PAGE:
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Extremely flexible and nearly transparent circuits can be made using conductive fabrics. Here are some of the experiments I've done with conductive fabrics. They can be painted or drawn on with resist and then etched like a standard circuit board. Conductive glue or conductive thread is then used to attach the components to the fabric circuit board.

To make this clear, the inkjet printer is not used to directly print resist onto the fabric. Instead, it is only used to print the circuit design onto the conductive fabric. You will then have to hand paint a clear resist over the inkjet image before the circuit can be etched.
See step 1 for details on a printer that may work to directly print the resist onto conductive fabric.

Alternately--an inkjet printer is not necessary--you can just freehand paint or draw on the resist where you want the conductive traces to be.

Pic 1 shows a simple circuit that that lights 3 LEDs. I made some of the traces circular to find out if they would conduct well at angles to the warp and weft of the fabric.

Materials

Performix (tm) liquid tape, black-Available at Wal-Mart or http://www.thetapeworks.com/liquid-tape.htm

Carbon Graphite, fine powder- Available in larger quantities at http://www.elementalscientific.net/
Available in smaller quantities at your local hardware store. It's called lubricating graphite and comes in small tubes or bottles.

Conductive thread-Available in small spools at: http://members.shaw.ca/ubik/thread/order.html
or at: http://www.sparkfun.com/commerce/categories.php?cPath=2_135

Conductive fabrics available from: http://www.lessemf.com/fabric.html

Clear Nail Polish

Crayons

Ferric Chloride etchant available at: http://www.allelectronics.com/cgi-bin/item/ER-3/445/DRY_CONCENTRATED_ETCHANT_.html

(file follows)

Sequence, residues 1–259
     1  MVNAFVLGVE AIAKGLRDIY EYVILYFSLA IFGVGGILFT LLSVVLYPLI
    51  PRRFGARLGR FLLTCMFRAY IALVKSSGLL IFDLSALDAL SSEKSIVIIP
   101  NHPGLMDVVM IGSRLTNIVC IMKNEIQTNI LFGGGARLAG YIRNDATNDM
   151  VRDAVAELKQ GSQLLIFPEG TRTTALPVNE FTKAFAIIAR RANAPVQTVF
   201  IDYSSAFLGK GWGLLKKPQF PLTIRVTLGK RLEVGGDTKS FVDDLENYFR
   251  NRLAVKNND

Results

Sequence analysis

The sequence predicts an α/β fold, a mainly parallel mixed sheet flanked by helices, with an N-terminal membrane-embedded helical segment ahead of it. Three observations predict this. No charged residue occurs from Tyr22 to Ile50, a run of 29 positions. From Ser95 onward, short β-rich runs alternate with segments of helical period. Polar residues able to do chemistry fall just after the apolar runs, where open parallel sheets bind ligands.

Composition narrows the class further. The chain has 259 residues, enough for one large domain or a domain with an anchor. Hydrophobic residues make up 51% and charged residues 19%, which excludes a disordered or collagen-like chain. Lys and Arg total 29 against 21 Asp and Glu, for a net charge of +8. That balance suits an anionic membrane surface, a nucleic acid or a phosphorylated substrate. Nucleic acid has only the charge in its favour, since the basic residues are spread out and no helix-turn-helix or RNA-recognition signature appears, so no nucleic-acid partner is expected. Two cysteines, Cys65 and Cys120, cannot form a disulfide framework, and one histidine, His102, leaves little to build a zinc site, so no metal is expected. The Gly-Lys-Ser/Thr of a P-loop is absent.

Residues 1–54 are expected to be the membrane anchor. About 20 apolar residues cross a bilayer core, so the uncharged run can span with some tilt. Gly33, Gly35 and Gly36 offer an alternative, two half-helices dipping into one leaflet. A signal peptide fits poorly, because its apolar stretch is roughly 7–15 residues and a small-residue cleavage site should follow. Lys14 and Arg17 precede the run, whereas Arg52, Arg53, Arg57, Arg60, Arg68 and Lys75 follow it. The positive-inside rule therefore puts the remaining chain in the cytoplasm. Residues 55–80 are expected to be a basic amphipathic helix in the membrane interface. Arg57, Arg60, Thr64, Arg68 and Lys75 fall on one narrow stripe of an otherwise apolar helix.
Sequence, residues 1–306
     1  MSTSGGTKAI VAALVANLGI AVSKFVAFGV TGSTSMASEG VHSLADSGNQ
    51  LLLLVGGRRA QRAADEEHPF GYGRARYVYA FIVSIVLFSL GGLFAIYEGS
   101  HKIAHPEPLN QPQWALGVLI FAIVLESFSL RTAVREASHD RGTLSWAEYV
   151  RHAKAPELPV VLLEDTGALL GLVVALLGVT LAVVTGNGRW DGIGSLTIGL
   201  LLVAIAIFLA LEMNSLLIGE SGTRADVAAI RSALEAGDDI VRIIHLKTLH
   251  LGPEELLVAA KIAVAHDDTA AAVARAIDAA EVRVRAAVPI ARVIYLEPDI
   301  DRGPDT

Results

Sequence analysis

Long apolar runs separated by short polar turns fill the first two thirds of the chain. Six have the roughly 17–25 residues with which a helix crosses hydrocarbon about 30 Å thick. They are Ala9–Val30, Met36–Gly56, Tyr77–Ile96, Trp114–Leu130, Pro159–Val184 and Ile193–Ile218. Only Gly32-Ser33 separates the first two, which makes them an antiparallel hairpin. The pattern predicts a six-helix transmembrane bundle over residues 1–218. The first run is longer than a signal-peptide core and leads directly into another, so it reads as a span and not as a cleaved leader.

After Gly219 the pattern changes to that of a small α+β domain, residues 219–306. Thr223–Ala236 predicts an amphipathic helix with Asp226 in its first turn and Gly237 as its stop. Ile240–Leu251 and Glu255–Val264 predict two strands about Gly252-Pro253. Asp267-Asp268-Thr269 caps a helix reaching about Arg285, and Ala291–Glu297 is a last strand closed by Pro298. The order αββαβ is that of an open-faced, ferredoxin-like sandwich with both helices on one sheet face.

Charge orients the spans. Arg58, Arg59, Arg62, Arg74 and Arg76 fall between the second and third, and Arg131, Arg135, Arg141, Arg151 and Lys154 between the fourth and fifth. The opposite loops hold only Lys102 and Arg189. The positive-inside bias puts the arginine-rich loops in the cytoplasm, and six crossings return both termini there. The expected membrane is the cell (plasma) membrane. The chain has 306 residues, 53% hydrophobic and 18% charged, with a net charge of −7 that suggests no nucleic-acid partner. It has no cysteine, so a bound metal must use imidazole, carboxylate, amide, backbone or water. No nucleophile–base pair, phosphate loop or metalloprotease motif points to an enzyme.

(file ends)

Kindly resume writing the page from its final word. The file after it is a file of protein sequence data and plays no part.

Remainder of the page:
or at: http://www.circuitspecialists.com/search.itml?icQuery=ferric+chloride

Inkjet printer

toluol solvent-available at hardware stores

wax paper

Pic 2 shows the three conductive fabrics that were used in this instructable.

1-VeilShield-A mesh polyester plated with a blackened copper. Very light and 70% transparent.

2-FlecTron-copper plated nylon ripstop.

3-Nickel Mesh-Semi-transparent copper and nickel coated polyester.

pic 3 shows the back of the circuit and the glued components.

Step 1: Print The Circuit Pattern With An Inkjet Printer

Create a black and white image in a drawing or image program that will be the pattern for your circuit. Print it out onto the center of a piece of copy paper and adjust the image size until you get the exact printed circuit size you are looking for. The final traces should be 1'/8" to 1/4" wide. Make them wider if you plan on carrying more than 100ma of current through them.

Next is to glue a square of conductive fabric onto the center of a standard piece of copy paper (pic 4). Clear nail polish works well as it dries thin and fast (about 5 minutes). Glue all the way across the top of the fabric (the side that feeds into the printer) and then put a blob of glue on the bottom of the fabric to keep it stretched tight.

Then, print the pattern of your circuit board (pic 5) onto the conductive fabric. Sometimes it takes a couple of passes to easily see the pattern on the fabric.

An Experiment That Failed
I originally tried to directly print on the resist with an inkjet printer. I printed the pattern seven times on the front and then seven times on the back to make sure the fabric was well saturated with ink. Unfortunately the ink in my printer (a Canon Pixma MP500) was too porous or not waterproof enough to work as a resist. Perhaps there is some brand of inkjet printer that has an ink that would work.

Wax is very hydrophobic. As you can see in the next step, even wax crayons can be used as resist on conductive fabrics. So, one good possibility for printing resist directly onto the fabric, is a Xerox Phaser or Tektronix Phaser printer that uses a melted wax ink. This very good instructable http://www.instructables.com/id/DIY-Flexible-Printed-Circuits/ by ckharnett shows how he used such a printer to print wax ink resist on special copper-clad polyimide plastic sheet to create flexible circuits. These are expensive, hard to find business printers, but if you can get access to one, it may just work to directly print resist onto conductive fabrics.

<p>Excellent! A few thoughts for an active mind,. Example for thought. Using a tri -colour cartridge and finding a conductive liquid-or combination (2) that would prove conductive and use the third section for a fixative, You would have a UNIVERSAL answer and be able to pocket the profit. Just a thought!</p>